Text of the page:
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Test your flu iq

IS The FLU VaccINe SaFe?

Over the years, hundreds of millions of people in the U.S. have safely received seasonal flu vaccines.

Over the last 50 years, flu vaccines have been shown to be safe. The Centers for Disease Control and Prevention (CDC) and the Food and Drug Administration (FDA) hold vaccines to the highest safety standards.

There are two types of flu vaccine: the flu shot and the nasal spray vaccine. Until recently, the vaccine was only available in a shot. The nasal spray was approved for seasonal influenza viruses in 2003, and tens of millions of doses of the nasal spray have been given in the United States. Nasal spray is recommended for use in healthy people 2 years through 49 years of age who are not pregnant. There are very few medical reasons to not get the flu vaccine. They include life threatening reactions such as anaphylaxis to a previous dose of flu vaccine, serious allergy to eggs, or Guillain-Barré syndrome. People with a non-life threatening egg allergy may be vaccinated but need to see a doctor specializing in allergies.




You cannot get the flu from the flu shot.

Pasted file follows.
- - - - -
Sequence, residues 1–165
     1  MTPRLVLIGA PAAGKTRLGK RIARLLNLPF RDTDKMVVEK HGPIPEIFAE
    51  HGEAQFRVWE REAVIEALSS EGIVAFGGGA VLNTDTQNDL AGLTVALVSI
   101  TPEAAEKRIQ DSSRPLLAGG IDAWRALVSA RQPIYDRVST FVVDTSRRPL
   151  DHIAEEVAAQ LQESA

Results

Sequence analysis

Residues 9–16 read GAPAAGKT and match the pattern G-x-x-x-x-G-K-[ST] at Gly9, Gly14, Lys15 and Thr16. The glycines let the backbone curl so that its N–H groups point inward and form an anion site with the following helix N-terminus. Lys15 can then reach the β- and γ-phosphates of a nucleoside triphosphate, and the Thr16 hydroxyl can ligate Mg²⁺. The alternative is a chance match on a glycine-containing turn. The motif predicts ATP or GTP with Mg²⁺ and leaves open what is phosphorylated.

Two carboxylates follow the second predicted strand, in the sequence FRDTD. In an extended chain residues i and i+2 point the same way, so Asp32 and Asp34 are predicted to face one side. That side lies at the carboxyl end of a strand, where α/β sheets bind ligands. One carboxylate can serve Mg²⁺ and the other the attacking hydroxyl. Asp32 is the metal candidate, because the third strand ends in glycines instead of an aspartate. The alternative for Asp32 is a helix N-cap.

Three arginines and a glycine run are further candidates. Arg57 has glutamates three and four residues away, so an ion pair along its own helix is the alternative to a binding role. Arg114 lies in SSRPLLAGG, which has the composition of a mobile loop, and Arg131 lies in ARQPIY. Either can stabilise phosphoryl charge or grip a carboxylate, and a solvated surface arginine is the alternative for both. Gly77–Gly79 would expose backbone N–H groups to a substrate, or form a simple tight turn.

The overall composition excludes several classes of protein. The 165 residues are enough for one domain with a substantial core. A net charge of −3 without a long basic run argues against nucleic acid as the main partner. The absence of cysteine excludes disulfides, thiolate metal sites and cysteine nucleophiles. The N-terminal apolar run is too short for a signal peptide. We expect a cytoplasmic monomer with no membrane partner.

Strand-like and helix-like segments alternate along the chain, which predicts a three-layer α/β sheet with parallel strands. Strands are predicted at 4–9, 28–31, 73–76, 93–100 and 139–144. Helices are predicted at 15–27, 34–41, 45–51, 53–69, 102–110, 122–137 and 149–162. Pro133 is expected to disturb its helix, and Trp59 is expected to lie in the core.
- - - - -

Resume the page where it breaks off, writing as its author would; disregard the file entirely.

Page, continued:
Who Should NOT Receive the Nasal Spray Flu Vaccine?


The flu vaccine cannot give you the flu. This is an “old wives’ tale” that needs to be put to rest.

Certain people should not get the nasal spray flu vaccine. This includes: •

people younger than 2 years of age;

pregnant women;

people 50 years of age and older;

children or adolescents receiving aspirin therapy;

people with a medical condition that places them at higher risk

people who have had Guillain-Barré syndrome (GBS), a rare

for complications from influenza, including those with chronic

disorder of the nervous system, within 6 weeks of getting a flu

heart or lung disease, such as asthma or reactive airways disease;


people with medical conditions such as diabetes or kidney

people who have a severe allergy to hens’ eggs. Persons with a

failure; or people with illnesses that weaken the immune system,

non-life threatening egg allergy may be vaccinated but need to

or who take medications that can weaken the immune system;

see a doctor specializing in allergies.

children younger than 5 years old with a history of recurrent wheezing; A special supplement from the 3 Arkansas department of novemBER health MATURE ARKANSAS 17, 2011 11

Mature Arkansas  

Mature Arkansas 11-17-11